Something alluring stays on art street

Home > Business > Industry

print dictionary print

Something alluring stays on art street


The Insadong gallery street in central Seoul is crowded with people on weekends. By Oh Sang-min

Some say the main street of Insadong, once known as the biggest center for antiques and contemporary art trading in Korea, is no more than a tourist spot now, filled with souvenir shops, cafes and restaurants. Critics point out that many antiques stores have disappeared and that major art galleries have relocated to areas near Samcheong-dong, north of Insadong, or to Cheongdam-dong in southern Seoul.

Still, about 100 art galleries stand close together on Insadong’s main street, more than any other street in Seoul, according to the Jongno District Office. And these galleries are trying different strategies to appeal to beginners in art collection - those who have relatively light purses but a fresh interest in art. Samcheong-dong has emerged as a new cultural hot spot while Cheongdam-dong is known as a luxury shopping locale. Unlike Insadong, galleries in those neighborhoods focus on wealthy connoisseurs.

Gallery Topohaus, an art and design gallery with three exhibition rooms in Insadong, is at the forefront of the area’s revival. A gallery show window attracts the eyes of passersby with its red heart frame and small paintings. This is the gallery’s “art gift shop,” which opened on the building’s first floor earlier this year.

Most of the artwork displayed there, including oil paintings, lithographs and photographs mostly by emerging young artists, sell for less than 1 million won ($646) apiece.

“Young people who felt that the threshold for art galleries was very high now feel free to enter our gallery after seeing small paintings through the show window,” said Han Jin-sook, a curator at Gallery Topohaus. “Paintings are popular, especially as wedding gifts.”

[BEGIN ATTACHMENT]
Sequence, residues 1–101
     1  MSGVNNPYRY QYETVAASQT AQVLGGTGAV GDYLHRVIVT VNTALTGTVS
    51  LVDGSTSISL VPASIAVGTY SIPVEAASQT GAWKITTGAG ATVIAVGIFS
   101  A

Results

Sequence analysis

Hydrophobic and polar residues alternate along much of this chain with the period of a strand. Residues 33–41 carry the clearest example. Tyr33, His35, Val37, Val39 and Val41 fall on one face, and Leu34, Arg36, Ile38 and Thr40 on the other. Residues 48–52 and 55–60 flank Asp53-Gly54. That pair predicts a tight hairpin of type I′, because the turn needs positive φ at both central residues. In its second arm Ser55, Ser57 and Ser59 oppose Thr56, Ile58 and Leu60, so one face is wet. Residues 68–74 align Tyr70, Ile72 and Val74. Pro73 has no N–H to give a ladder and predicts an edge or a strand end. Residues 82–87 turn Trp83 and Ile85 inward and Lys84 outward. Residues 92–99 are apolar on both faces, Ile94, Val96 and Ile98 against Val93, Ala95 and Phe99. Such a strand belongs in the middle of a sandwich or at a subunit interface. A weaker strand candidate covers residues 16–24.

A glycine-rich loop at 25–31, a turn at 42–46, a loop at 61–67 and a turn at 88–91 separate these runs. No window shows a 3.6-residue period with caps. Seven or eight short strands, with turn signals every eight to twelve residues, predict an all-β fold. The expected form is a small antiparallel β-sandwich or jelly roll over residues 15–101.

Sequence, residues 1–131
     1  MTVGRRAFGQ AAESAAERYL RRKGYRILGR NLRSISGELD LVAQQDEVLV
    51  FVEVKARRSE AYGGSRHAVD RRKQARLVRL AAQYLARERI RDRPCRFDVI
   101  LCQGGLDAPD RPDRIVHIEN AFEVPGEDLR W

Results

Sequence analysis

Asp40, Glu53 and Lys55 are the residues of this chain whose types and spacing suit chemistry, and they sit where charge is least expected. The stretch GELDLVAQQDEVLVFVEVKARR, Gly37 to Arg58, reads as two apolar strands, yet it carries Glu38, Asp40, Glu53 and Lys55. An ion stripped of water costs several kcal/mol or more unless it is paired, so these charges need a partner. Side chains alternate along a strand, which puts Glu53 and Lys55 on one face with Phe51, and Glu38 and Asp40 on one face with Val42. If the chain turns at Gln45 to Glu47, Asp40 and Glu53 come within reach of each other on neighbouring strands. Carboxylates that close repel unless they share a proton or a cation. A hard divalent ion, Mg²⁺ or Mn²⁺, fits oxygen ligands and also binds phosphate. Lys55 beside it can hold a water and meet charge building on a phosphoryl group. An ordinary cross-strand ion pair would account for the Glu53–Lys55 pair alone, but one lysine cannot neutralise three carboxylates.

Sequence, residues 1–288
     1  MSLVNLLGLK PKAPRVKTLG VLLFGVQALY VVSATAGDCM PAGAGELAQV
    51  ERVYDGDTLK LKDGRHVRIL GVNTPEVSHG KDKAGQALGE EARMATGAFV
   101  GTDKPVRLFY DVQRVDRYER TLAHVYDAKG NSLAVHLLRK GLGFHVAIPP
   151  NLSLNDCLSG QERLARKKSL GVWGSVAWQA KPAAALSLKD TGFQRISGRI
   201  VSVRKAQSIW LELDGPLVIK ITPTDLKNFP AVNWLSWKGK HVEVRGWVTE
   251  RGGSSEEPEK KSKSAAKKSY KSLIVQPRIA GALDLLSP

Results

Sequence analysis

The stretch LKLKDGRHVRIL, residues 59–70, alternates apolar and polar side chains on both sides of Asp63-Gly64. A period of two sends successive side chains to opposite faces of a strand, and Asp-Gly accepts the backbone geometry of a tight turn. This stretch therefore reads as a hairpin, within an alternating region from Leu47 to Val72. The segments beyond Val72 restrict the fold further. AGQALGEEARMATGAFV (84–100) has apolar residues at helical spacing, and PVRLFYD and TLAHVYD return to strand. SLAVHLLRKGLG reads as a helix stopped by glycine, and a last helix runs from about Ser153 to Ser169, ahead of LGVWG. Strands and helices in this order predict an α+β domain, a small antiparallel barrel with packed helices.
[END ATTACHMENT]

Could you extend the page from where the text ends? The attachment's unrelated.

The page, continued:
Visitors to Sun Gallery on the Insadong gallery street in central Seoul admire paintings.

“I hope someday it will become common for people to exchange paintings as gifts and that companies give paintings instead of galbi [beef rib] sets to their customers as gifts,” said Oh Hyun-gum, the director of Gallery Topohaus. “And I want this gallery to be the place where anybody can come and enjoy art.”

vKorea’s art market has been hit hard not only by the economic downturn but by a recent scandal. Han Sang-yool resigned as head of the National Tax Service in January amid allegations that he offered an expensive painting as a bribe to his predecessor.

“Art collection is spreading among young people, whereas art collection was regarded as a hobby exclusively for old rich people in the past in Korea,” she added.

Insadong is also home to Ssamziegil, a complex of small art galleries and handicraft shops, across the street from Gallery Topohaus. The complex, opened in late 2004 by Ssamzie, a company that manufactures accessories and trade artwork, has greatly helped Insadong attract young people.